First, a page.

Wine Wednesday: D'Angelo Aglianico del Vulture 2019

Partake in this robust and vivacious Aglianico wine from the volcanoes of southern Italy

Every Wednesday, we pick a wine to talk about—good, bad, ugly, or somewhere on the spectrum. Sometimes our wine of choice goes with what we’re reading, sometimes it’s a new favorite, sometimes it’s a perfect pairing for an upcoming holiday. Today: Aglianico del Vulture!

We’re still on our Italian kick—check back soon for a bigger post on all things Italian wine—and a delicious new (to us) find is the D’Angelo Aglianico del Vulture. When we say new to us, we really mean it. We hadn’t tried it until recently and didn’t know much about the Aglianico grape at all. We’ve been missing out!

Aglianico is a red grape native to southern Italy, known for producing full-bodied, dry, and robust wines—right up our alley. It’s so good that people call it the “Barolo of the South.” Young Aglianico wines tend to be highly tannic, but mellow over time and let the fruit and deeper flavors emerge. After a few years in a cellar, nuances of black cherry and dark chocolate, among others, surface—no wonder we like it so much!

Aglianico del Vulture is a DOCG designation (the highest designation you can get in Italy) for Aglianico wine in southern Italy’s Basilicata region. The grapes grow on and around Monte Vulture, an extinct volcano that dominates the region and provides rich, dark soil perfect for this grape.

Now, getting to our Wine Wednesday pick: D’Angelo Aglianico del Vulture. Yum! Another Costco bargain find, we scored it for $14.99, while various websites advertise it for $20+. And, honestly, it’d be worth it for $20 too. You breathe in the deep fruit aromas and the freshness immediately. The D’Angelo website notes:

The DOC entry wine of Casa Vinicola D’Angelo is Aglianico del Vulture, a delicious red to enjoy until the last sip. In the first years, this Aglianico wine may appear a little vivacious or even sharp, however, over time, as it refines in the bottle, it becomes more mellow and harmonious. It goes very well with all meat courses and flavourful or unsophisticated dishes.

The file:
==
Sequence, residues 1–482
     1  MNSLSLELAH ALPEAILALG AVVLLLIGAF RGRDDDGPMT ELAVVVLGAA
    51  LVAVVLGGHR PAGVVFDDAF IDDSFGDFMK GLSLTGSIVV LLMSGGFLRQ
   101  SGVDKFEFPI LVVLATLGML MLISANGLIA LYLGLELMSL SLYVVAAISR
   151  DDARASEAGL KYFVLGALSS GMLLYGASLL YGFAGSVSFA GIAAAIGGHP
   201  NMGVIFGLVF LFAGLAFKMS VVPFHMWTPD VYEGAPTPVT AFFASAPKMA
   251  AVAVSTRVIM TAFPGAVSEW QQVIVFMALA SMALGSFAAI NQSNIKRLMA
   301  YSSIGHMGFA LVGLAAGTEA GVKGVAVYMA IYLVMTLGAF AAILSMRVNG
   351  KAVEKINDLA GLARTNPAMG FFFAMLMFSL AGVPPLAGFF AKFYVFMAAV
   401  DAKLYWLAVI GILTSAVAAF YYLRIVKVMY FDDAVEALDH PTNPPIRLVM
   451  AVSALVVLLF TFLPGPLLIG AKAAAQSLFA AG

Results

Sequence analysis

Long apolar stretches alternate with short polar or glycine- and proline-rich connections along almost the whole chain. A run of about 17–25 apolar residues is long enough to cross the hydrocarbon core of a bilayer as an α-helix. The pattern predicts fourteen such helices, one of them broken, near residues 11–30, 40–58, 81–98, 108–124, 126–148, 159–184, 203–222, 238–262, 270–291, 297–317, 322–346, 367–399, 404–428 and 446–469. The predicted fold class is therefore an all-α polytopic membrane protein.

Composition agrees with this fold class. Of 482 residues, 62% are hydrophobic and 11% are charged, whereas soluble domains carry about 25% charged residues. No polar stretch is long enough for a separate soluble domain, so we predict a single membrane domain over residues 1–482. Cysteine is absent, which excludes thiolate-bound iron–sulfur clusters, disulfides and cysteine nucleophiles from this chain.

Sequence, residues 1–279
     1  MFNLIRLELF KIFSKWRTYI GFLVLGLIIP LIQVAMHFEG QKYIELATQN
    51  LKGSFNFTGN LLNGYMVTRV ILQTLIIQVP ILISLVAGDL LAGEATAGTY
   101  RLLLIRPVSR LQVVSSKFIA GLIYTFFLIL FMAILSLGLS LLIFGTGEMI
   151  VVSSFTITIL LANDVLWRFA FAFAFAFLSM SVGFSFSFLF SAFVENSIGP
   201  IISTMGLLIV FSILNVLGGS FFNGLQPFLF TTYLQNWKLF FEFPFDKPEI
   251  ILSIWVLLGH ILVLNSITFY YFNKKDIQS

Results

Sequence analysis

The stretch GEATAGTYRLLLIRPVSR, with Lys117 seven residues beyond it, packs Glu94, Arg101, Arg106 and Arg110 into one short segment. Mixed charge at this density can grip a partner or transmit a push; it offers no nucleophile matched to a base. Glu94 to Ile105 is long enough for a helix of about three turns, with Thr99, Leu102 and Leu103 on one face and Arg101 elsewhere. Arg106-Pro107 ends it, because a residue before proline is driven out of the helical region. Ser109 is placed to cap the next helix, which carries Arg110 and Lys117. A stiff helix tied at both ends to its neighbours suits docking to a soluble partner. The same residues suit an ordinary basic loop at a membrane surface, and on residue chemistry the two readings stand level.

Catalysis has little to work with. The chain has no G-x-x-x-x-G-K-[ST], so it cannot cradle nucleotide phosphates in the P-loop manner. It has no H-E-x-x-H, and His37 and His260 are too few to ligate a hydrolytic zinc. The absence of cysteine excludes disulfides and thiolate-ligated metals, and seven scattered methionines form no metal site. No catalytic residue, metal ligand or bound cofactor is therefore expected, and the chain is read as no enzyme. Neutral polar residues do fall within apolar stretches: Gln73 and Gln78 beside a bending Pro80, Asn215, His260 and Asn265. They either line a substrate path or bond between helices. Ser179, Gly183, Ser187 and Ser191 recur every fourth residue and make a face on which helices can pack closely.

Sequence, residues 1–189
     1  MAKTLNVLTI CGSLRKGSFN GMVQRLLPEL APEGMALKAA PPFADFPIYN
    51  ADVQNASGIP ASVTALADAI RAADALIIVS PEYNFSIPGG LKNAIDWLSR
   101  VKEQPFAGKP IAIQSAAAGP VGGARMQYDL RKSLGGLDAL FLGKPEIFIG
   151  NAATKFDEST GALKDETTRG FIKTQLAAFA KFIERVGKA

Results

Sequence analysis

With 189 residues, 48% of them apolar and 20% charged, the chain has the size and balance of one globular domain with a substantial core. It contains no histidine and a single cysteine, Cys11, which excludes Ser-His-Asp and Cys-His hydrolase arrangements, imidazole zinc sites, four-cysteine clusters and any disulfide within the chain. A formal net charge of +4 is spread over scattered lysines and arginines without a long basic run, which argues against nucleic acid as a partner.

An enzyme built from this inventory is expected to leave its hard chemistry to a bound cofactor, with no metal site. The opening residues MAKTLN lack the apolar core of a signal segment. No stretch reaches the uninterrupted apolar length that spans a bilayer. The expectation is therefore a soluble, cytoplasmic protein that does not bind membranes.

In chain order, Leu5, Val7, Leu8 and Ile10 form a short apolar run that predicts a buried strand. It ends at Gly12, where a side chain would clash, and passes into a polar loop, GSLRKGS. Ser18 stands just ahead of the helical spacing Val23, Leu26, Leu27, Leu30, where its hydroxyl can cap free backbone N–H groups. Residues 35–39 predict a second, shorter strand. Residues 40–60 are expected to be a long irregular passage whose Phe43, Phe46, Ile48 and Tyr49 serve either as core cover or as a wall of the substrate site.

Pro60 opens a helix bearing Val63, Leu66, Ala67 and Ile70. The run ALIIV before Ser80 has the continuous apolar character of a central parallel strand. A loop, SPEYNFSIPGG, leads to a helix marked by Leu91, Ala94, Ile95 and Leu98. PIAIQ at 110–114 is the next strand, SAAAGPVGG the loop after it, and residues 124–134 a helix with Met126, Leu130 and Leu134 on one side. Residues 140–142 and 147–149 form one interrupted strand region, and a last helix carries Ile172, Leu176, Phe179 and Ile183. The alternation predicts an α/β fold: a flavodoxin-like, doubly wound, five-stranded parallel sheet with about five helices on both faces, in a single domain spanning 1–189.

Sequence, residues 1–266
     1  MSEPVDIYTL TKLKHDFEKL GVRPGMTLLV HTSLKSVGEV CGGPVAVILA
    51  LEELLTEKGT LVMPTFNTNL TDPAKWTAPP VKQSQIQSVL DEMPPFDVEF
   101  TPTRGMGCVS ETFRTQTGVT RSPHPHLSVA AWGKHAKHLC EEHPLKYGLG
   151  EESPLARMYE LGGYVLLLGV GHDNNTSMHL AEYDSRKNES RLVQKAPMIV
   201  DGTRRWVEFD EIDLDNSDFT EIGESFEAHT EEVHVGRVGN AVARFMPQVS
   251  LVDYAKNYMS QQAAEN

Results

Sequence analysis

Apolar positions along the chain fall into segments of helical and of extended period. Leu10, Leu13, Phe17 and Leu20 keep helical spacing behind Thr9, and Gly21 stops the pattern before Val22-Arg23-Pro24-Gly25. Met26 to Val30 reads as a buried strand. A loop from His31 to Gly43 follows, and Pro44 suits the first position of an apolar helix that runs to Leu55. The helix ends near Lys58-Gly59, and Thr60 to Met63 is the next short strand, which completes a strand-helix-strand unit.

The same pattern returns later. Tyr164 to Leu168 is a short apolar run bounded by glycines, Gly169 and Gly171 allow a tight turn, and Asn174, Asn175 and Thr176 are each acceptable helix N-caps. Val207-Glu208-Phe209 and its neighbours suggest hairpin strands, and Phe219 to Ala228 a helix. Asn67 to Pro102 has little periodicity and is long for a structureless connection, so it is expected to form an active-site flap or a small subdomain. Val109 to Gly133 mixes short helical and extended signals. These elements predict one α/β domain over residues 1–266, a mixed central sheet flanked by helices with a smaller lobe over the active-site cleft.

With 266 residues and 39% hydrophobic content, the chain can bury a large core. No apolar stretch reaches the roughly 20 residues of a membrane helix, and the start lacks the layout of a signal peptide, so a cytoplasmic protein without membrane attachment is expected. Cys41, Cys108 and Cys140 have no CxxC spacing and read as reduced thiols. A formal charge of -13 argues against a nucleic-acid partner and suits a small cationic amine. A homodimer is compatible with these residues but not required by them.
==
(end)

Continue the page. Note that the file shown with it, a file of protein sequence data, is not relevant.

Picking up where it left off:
Harvested exclusively by hand in mid-late October
Vinification traditional technique, 8-day maceration with the grape skins
Refinement 18 months in large barrels
Alcohol content 13.5%
Colour: Fairly intense ruby red, it turns to garnet as it ages
Bouquet: Berries, typical of this vine variety
Flavours: Dry, robust and fairly tannic. Over the years, it becomes more mellow and harmonious

Plus, this wine earned 90-91 points from various critics and landed at #49 in Wine Spectator’s Top 100 list, with this comment: “Compact and fresh, this medium- to full-bodied red reveals macerated black raspberry fruit accented by notes of dried sage, graphite, fig cake and mineral, with firm, dusty tannins. Let this open in the glass or decant ahead of time. Best from 2023 through 2029.”

Hmmm, so many ways we can go with this. Straight from the winemaker’s comment of “vivacious,” let’s start with our most vivacious characters:

 

You also might want to get into the Italian spirit with a book set in Italy (or with a fun Italian family):